Tomorrow There Will Be Apricots is a dual narrative. Our first narrator is Lorca, troubled teen. As the novel begins she’s been suspended from school after being caught self-harming in the school toilets by fellow pupil, Kanetha Jackson.
She said I’d been standing in the stall not “making”. So she’d kicked open the door with her neon sneaker. I hadn’t even known she was in the bathroom. The stupid thing didn’t lock. She found me with my skirt up, my tights down, my shoeless foot on the toilet seat, the paring knife to my thigh. Her lips were stained with fruit punch.
I wanted to ask my mother if she knew the pairing knife was hers. The Tojiro DP petty knife, her second favourite. I’d taken it off the counter that morning.
Lorca’s been self-harming since she was six and she seared her hands on the middle rack of the oven while making a cake for her mother. When she touched it a second time, the rack collapsed. Her mother complained about the mess and told her to get an ice-pack, shouting for Lorca’s father to comfort her.
After that there were light bulbs, tire spokes, vacuums. There were car doors, glue guns, and broken bottles winking at me from the side of the road. There was the grill in summer that could stay piping hot well after dinner, well after everyone had fallen asleep.
Her mother, having long since taken Lorca, left her husband/Lorca’s father and moved to New York to become head chef and creative director of Le Canard Capricieux decides the best way to deal with Lorca’s behaviour is to send her to boarding school. Lorca’s got December to prepare herself.
That evening Lorca hears her mother and Aunt Lou (not her biological aunt, Lorca’s mother was adopted by Lou’s parents) discussing food:
“What is the best thing you’ve ever eaten?”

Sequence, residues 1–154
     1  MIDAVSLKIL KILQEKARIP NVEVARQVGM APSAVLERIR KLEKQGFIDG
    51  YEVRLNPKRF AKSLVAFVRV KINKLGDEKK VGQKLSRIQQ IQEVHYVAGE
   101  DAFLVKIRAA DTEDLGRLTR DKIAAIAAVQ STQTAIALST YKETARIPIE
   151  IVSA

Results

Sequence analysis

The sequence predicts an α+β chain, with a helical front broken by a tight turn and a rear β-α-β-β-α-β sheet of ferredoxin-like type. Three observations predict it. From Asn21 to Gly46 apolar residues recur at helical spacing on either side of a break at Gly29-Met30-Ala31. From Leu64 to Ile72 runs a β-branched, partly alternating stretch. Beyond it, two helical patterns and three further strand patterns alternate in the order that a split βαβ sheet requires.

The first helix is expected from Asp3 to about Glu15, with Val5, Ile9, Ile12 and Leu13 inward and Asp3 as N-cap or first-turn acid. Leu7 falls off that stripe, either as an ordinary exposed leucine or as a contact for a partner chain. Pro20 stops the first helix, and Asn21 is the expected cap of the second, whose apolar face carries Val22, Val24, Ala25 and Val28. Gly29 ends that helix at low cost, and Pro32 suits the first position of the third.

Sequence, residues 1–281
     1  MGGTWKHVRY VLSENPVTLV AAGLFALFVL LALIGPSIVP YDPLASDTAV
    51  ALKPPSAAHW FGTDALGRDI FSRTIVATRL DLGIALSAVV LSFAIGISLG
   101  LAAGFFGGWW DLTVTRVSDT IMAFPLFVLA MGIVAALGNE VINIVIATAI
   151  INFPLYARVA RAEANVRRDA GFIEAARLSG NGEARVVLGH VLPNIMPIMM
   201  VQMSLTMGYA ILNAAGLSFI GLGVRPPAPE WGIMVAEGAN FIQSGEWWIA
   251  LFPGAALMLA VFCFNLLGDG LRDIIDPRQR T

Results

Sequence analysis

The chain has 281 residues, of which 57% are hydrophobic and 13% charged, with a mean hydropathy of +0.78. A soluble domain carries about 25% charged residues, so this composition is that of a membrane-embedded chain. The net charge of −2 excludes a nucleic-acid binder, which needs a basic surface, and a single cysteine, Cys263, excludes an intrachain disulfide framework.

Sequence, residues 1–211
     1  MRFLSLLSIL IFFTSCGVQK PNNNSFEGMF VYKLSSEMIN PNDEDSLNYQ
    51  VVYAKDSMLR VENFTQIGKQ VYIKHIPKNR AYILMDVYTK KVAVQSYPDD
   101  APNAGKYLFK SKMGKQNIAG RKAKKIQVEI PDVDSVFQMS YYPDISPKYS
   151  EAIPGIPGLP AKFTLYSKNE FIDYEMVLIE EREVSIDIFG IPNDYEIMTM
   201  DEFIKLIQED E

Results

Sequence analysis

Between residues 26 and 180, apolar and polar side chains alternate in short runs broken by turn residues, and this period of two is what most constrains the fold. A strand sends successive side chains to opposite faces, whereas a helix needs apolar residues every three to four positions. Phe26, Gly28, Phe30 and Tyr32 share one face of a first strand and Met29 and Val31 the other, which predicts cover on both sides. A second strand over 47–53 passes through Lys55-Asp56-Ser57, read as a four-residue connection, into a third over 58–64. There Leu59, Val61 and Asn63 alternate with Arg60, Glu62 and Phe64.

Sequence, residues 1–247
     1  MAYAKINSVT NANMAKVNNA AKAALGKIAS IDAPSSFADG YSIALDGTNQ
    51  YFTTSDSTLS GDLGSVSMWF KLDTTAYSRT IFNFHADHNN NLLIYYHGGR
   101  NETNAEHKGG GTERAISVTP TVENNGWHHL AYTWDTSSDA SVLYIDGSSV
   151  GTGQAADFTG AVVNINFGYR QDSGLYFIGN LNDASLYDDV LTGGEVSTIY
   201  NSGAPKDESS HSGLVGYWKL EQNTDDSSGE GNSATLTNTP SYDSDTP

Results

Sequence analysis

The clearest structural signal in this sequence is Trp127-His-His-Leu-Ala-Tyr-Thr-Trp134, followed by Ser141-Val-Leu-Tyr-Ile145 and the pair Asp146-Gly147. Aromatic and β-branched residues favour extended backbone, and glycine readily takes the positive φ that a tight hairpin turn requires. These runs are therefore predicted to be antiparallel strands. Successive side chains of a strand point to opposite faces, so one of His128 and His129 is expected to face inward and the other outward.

…“Masgouf,” she said. “From an Iraqi restaurant that’s closed now.”…”You know how they say that life imitates art?” my mother said, “Well, life imitated masgouf. The fish was so good, so tender, and we ate it with our fingers. For a little while, I convinced myself that life could be so simple.”
Which meant happiness. Masgouf was my mother’s happiness…If I wanted to make my mother happy and remind her why I was essential to her happiness, all I had to do was find the recipe and make the dish. It would make things better. I could be worth keeping around.
Lorca sets out to find the recipe with the help of a local bookstore employee named Blot. Which brings us to our second narrator, Victoria.
Victoria is struggling to care for her husband Joseph who is dying of cancer. On really bad days, Victoria wonders if it’s time they discussed the secret they’ve kept for decades:
I wondered if everyone had a secret like this, something slightly wretched, bent and corroded with time, like a lost key that might not even unlock anything anymore. And if, in the end, it might be the only thing that mattered.
All those years ago, I gave up our baby. Joseph didn’t want to. Hated it.
When Joseph dies, Victoria is left with Dottie, their upstairs neighbour of thirty years who she tolerates for Joseph’s sake, and the cookery classes that Dottie has advertised around the neighbourhood that people have started to call about.
It’s not difficult to work out how Lorca and Victoria are going to meet.
Tomorrow There Will Be Apricots is exactly the reason I started this blog. As far as I’m aware, it hasn’t been reviewed in a single UK newspaper. I might suggest a couple of reasons for this:
- Victoria is old and not a particularly sympathetic character on the surface;
- Lorca’s mother is middle-aged (at one point she mentions the menopause – shocking!) and, bar one fleeting moment, isn’t remotely sympathetic.
But these are two of the things I loved the most about this book. The characters are real; they do the things that humans do when they don’t know how to cope, namely shut down and lash out. A significant amount of Victoria’s narration once she’s met Lorca is how she knows what she wants to say to her but she doesn’t know how to say it; it would make them both vulnerable and she doesn’t know if she can put either of them in that position.
The one concern I did have about the novel was that the mystery of Lorca’s grandparents and Victoria’s adopted baby would be resolved a little too neatly. Soffer swerves this beautifully and it is through these two threads that heartbreaking secrets are revealed. Their resolution creates the emotional heart of the book which is painful but comes with a glimmer of hope.
Tomorrow There Will Be Apricots is a slow-burning story about three generations of women with secrets and emotional pain festering inside them. I highly recommended it and look forward to reading more of Jessica Soffer’s work.
Thanks to Windmill Books for the review copy.